“Poor Dolly” – Horses, Soldiers and Shell-Shock – ISAZ Conference 2020.

On 3rd-5th September I will be giving a paper at the International Society for Anthrozoology Annual Conference. Originally planned to be held at Liverpool University in June, the conference will now be taking place remotely with papers given ‘live’ online. I am hoping to record this paper, so watch this space.

At the conference, I will be talking about the shared impact of warfare on soldiers and their horses in The Great War. Soldiers often observed how their horses also suffered from stress and fatigue. Many soldiers, not only recognised this shared suffering, but found they were better able to express their own physical and mental strain through the relationships formed with their horses. As one soldier commented:

“Poor Dolly! I had no idea that she was suffering from shell shock. But she’s really not as bad as her old master. The fact of the matter is, she evidently remembers it as keenly as I do.” (The New York Times, 1918.)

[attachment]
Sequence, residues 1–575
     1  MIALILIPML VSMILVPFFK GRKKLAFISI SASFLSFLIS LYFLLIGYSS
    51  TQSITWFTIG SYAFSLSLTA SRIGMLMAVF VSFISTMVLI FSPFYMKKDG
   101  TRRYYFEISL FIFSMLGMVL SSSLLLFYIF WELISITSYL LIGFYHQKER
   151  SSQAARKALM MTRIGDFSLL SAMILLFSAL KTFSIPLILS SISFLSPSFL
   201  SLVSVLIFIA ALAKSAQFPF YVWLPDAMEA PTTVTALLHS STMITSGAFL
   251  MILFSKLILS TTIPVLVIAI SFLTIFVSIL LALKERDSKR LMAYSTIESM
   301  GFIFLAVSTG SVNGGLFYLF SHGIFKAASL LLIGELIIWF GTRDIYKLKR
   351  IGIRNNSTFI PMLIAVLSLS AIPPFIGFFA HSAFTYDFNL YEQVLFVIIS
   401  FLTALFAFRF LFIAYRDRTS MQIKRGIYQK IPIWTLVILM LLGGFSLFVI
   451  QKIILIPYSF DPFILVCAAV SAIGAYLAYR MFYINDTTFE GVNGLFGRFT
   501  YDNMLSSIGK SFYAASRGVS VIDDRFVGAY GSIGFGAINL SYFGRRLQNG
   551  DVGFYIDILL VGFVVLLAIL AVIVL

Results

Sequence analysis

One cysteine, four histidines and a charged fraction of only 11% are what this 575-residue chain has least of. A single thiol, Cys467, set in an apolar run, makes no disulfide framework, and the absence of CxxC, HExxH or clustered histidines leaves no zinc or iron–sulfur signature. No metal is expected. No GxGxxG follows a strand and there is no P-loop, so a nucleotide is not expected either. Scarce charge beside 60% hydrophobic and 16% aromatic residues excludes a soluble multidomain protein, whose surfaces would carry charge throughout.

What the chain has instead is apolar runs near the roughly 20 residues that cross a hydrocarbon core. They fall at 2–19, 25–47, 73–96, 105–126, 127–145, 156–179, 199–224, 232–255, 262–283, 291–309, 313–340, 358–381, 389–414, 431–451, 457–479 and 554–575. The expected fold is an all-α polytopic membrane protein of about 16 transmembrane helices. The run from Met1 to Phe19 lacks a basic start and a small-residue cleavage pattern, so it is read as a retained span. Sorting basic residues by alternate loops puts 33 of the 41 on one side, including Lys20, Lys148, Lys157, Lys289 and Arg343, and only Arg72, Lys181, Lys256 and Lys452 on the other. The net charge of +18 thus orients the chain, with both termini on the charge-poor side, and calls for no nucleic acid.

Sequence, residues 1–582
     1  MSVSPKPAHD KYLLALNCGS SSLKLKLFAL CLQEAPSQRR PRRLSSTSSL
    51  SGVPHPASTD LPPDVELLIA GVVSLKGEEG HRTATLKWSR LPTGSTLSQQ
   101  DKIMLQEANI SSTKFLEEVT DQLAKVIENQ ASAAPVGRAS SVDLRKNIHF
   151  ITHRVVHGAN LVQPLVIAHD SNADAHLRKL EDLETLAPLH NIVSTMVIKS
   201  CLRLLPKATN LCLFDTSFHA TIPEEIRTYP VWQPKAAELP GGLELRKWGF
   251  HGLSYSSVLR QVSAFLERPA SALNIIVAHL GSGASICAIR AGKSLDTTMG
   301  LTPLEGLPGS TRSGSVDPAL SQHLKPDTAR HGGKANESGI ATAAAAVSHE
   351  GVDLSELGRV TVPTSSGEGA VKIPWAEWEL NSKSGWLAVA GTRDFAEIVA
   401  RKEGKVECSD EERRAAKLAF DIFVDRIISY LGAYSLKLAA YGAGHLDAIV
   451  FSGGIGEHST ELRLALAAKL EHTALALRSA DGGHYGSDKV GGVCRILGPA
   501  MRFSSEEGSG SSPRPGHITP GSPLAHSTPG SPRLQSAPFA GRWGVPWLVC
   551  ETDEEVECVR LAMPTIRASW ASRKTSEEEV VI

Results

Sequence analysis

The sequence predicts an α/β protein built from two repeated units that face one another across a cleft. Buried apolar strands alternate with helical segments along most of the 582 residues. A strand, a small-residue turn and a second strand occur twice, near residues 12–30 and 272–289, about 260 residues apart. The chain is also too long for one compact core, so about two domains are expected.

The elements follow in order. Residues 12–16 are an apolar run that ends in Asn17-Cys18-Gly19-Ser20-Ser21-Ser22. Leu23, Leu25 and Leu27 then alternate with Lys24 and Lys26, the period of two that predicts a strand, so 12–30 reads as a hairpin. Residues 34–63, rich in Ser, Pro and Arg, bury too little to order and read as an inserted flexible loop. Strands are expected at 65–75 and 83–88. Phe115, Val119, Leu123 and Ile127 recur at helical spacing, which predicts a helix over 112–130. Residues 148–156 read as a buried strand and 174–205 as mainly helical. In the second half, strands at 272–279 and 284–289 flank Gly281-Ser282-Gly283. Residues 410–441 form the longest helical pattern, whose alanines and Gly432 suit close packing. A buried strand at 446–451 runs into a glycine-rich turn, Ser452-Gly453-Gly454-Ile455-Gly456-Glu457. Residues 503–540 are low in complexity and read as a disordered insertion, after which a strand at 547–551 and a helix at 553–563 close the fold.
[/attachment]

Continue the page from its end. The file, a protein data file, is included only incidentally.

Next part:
This paper focuses on primary source material of the period, and specifically the first-hand accounts of soldiers written during, and in response to, their experiences of working with horses and mules in The Great War. These will be considered alongside contemporary thinking about ‘shell-shock’. These will be used to explore how soldiers expressed themselves through their horses, and why the horses were often later remembered as the cause of their physical and mental survival.

Main Findings

Soldiers lived and worked alongside their horses for months and often years. They daily encountered dangerous and stressful situations, and likewise a gradual ‘wearing down’ of their ability to cope with these pressures both physically and mentally. The soldier-horse relationship enables us to further explore the demands made of horses in both modern and historical contexts.

Principle Conclusions and Implications

This historical context allows us to further consider spaces shared by humans and horses past and present. It encourages thinking, for example, about the role of horses in equine assisted therapies; the most pertinent perhaps being in the rehabilitation of military veterans today.








Author: janeflynnsenseandsentimentality

I am an independent researcher and writer affiliated to The University of Derby, UK. I was awarded a PhD in 2016 for my thesis: 'Sense and Sentimentality: The Soldier-Horse Relationship in the Great War'.

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